UN Accuses Israel of War Crime in Gaza ‘Buffer Zone’
The United Nations has condemned Israel’s actions along the Gaza border, labeling them as a war crime. According to Volker Turk, the UN’s rights chief, Israel’s efforts to create a “buffer zone” by demolishing buildings within a kilometer of the border fence violate international humanitarian law.
Creating a “buffer zone” along the Gaza border by destroying all buildings is a war crime, the UN rights chief said Thursday.
Volker Turk pointed to reports that Israeli military is working inside Gaza Strip to destroy all buildings within a kilometer of the border fence with Israel in order to create a “buffer zone.”
According to him, Article 53 of the Fourth Geneva Convention prohibits occupying powers from destroying private property unless the destruction is deemed absolutely necessary by military operations.
Turk warned that creating a buffer zone for general security purposes was inconsistent with the narrow military operations exception in international humanitarian law.
Such “extensive destruction of property, carried out without justification and unlawfully and wantonly, constitutes a grave breach of the Fourth Geneva Convention.”
Hamas attacked Israel on October 7, killing about 1,140 people, mostly civilians, according to official Israeli figures cited by AFP.
As a result of Israel’s relentless air strikes and ground offensive, at least 27,840 people, mostly women, children and adolescents, have been killed, according to Gaza’s Hamas-run health ministry.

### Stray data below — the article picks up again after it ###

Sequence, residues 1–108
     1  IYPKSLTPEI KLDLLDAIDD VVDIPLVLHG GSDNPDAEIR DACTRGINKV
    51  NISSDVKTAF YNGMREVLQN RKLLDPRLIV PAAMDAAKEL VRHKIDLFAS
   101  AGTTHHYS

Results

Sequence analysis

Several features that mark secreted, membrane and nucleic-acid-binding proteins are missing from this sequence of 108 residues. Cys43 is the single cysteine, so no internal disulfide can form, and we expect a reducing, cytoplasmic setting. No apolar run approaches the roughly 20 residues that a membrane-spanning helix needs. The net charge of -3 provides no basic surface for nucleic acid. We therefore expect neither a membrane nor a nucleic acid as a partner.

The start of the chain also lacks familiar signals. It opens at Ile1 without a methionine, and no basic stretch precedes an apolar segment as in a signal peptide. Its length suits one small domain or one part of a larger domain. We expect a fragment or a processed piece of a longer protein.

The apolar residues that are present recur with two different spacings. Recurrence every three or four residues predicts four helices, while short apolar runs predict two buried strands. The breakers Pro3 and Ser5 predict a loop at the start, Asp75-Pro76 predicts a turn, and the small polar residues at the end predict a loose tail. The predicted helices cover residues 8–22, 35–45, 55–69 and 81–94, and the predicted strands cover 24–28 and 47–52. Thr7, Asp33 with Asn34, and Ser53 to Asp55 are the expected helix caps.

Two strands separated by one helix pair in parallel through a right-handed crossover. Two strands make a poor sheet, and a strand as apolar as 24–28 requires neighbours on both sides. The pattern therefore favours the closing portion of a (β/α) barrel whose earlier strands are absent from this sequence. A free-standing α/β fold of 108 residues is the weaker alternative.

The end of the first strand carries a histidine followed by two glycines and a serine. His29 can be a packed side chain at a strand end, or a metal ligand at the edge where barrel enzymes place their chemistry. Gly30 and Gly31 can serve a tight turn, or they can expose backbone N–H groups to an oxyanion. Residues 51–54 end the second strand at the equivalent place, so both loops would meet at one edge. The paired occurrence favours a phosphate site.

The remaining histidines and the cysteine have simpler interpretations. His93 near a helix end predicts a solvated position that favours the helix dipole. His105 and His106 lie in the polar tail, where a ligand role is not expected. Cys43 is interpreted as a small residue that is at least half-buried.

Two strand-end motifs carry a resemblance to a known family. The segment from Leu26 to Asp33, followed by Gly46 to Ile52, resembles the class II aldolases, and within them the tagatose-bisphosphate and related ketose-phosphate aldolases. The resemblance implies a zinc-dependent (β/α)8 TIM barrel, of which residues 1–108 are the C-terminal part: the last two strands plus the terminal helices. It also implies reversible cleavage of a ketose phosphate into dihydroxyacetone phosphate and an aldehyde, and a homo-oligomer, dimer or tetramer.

According to UN High Commissioner for Human Rights, the (Israeli military) has destroyed and demolished large quantities of civilian and other infrastructure since October.
He mentioned “residential buildings, schools, and universities in areas where fighting has ceased or is not taking place.”
In recent weeks, numerous residential buildings have reportedly been demolished in Khan Younis in the south as well as Beit Hanoun and Gaza City in the north of the besieged Palestinian territory.
“Israel has not provided compelling reasons for such extensive destruction of civilian infrastructure,” Turk said.
“Destroying homes and other essential civilian infrastructure also exacerbates displacement of communities that lived in these areas prior to the escalation of hostilities,” he warned.
He said they appeared “to be aimed at or (to have) the effect of preventing civilians from returning to these areas.”
The authorities should be reminded that forcible transfers of civilians may constitute war crimes.